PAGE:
Thus, for tax purposes, the form of the transaction will be disregarded and the $75,000 payment to Shelly will be treated as a dividend distribution under Section 301.
Also, you have to deal with the attribution rules which basically means that ownership by blood line relatives is attributed to the stockholder; this rule prevents transferring of the stock to children by either the stockholder or the stockholder's estate, followed by a redemption to attempt to avoid dividend treatment.
Therefore, the only tax that would be due (in a small estte) would be any tax on any gain within the corp on any built up gains in selling its securities,. For example, let's say the shareholder had 1000 shares and the redemption was for 500 shares; well, after the redemption the shareholder would own 500 shares of the corporation, 1/2 of what he previously owned, but still 100% of the outstanding shares, so the redemption would be treated as a dividend to the extent of the retained earnings.
Qualified Stock Redemptions: Requirements for Treatment As A Sale of Stock Redemption Must Reduce Shareholder's Interest in the Corporation In order to be accorded sale treatment for tax purposes, the shareholder must be able to show that the payment received from the corporation was not "essentially equivalent to a dividend." Conceptually, the primary difference between a dividend (a return on capital) and a stock redemption (a return of capital) is that the latter reduces the shareholder's capital investment in the company, and thereby reduces her interest in the company's future operations.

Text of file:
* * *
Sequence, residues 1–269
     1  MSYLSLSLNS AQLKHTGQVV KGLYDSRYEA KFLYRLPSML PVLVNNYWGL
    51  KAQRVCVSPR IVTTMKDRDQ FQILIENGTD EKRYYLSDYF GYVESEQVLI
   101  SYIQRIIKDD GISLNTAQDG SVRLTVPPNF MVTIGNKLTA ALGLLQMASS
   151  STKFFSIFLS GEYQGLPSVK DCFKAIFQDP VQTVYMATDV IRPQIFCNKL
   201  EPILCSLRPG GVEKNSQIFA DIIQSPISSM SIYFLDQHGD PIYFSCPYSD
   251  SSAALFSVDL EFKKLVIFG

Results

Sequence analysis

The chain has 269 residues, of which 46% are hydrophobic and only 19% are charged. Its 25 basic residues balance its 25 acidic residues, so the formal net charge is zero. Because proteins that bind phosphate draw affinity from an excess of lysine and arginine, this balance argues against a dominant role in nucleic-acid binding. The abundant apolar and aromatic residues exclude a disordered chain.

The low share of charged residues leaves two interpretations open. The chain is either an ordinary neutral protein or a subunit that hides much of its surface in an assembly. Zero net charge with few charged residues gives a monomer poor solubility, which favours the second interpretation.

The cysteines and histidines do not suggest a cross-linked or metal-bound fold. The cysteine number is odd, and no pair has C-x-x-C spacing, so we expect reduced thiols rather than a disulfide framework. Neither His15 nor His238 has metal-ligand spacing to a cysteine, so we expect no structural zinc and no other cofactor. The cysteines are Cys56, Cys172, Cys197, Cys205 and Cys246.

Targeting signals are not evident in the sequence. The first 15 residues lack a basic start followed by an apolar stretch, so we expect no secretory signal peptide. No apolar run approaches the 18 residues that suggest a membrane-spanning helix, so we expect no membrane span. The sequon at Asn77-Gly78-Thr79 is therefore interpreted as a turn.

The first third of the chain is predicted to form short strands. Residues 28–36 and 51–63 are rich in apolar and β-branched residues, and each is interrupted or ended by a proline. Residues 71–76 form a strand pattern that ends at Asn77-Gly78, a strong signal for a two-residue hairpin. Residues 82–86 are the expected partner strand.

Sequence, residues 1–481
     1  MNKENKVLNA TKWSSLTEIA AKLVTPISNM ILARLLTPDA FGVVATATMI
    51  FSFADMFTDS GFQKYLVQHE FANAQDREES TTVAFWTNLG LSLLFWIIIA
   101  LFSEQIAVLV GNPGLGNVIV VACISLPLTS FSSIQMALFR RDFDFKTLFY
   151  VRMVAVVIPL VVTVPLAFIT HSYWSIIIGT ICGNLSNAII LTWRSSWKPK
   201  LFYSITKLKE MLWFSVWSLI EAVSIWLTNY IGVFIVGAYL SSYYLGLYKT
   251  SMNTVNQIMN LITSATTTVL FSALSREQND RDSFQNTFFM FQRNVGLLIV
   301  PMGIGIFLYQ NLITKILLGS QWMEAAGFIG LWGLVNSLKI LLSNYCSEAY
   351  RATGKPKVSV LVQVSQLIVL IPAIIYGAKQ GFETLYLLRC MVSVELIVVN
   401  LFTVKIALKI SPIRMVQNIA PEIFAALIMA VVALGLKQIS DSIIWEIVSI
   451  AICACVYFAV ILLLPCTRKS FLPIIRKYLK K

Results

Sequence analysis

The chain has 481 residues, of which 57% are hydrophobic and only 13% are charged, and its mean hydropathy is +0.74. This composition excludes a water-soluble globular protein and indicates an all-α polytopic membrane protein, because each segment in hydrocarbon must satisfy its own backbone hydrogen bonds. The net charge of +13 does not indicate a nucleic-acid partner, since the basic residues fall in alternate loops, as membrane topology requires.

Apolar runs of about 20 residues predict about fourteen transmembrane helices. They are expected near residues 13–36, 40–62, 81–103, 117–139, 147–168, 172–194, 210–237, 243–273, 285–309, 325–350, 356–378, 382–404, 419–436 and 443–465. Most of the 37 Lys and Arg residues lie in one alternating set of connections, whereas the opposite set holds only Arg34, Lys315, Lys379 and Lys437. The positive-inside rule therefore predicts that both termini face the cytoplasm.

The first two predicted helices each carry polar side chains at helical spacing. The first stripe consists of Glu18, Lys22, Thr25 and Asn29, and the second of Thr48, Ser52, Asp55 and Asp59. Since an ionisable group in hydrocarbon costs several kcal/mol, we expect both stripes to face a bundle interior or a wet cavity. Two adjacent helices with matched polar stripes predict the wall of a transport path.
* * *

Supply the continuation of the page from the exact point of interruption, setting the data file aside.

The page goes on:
The corp is to be liquidated in some fashion upon death, and then distributed to equally along with other assets, to mostly 4 children. How can you rate me as giving bad service when you didn't make yourself available to discuss your questions.